Insecurity robs us of fully experiencing life. It inhibits the expression of our true potential. It keeps us from starting conversations, participating in activities, singing out loud, acting silly, sharing our thoughts, trying something new, embracing change and being our true selves.

Please don't notice me.

BUT….Insecurity is a fabrication of our own minds. It’s not a condition or a physical process. It is created by you and I.

INSERT LOGIC HERE –> If we created it, why can’t we just destroy it? Or dismiss it? Or ignore it or tell it that it doesn’t belong here, isn’t welcome here, never did us any good anyways so just take a hike?

“Yeah, right,” you say. “Sure, I’ll just tell it to leave me alone and all of a sudden I’ll be all confident.”That’s right, you just disregard it. And realize that everyone around you is so wrapped up in their own insecurity that they don’t even notice yours. They have no idea. In fact, like you, they probably assume that everyone else is totally ‘together’ and that they’re the only one that’s scared and self-conscious on the inside. Seriously.

Don’t be so skeptical. At least give it a try.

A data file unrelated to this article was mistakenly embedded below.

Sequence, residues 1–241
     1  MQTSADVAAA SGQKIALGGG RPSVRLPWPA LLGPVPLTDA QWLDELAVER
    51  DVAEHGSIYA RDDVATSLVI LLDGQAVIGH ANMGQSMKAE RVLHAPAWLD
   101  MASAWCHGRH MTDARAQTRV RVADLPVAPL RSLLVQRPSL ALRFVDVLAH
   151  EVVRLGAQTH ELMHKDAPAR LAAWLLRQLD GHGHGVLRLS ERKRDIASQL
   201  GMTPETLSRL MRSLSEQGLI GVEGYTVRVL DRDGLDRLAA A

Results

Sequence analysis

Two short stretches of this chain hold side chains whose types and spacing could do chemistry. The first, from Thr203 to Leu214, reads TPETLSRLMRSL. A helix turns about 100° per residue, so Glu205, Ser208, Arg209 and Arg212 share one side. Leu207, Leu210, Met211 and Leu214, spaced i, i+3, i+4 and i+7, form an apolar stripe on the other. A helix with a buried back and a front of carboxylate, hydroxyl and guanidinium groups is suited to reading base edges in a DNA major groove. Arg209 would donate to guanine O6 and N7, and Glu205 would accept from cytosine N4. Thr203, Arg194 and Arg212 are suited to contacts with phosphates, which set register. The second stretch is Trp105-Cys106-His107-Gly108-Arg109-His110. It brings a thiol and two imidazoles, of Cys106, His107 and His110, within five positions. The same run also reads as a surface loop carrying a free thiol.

I’m not just the president, I’m also a client

I first tried this purely as a desperate means of survival in my mid-20s when I began working as a receptionist at a vet clinic. I watched our office manager greet clients and pets with ease and confidence, asking the right questions, saying the right things, with an easy, friendly air that made people comfortable. I wished I could do that. Then it occurred to me that the clients didn’t actually know that I was nervous and that if I just pretended to be at ease, they might just buy it. It actually worked. And I didn’t have to pretend for long because when I proved to myself that I could act confident, I couldn’t come up with a reason not to be. It just worked and it was genuine.

I guess it’s kind of a mind over matter thing. You just tell yourself something, (I’m totally fine, I’m comfortable in this setting, I’m calm, I’m in an accepting environment), and then you believe it. The second your brain starts its negative self-talk, dismiss it. A firm, “No, I’m not listening to that,” should do it.

Why is it that our brains don’t seem to have our best interests at heart? If they did, they’d spend the days telling us how wonderful and lovable and special we are. Perhaps we’ll just have to do that for each other.

Now get out there and act silly, be brave, be your true self!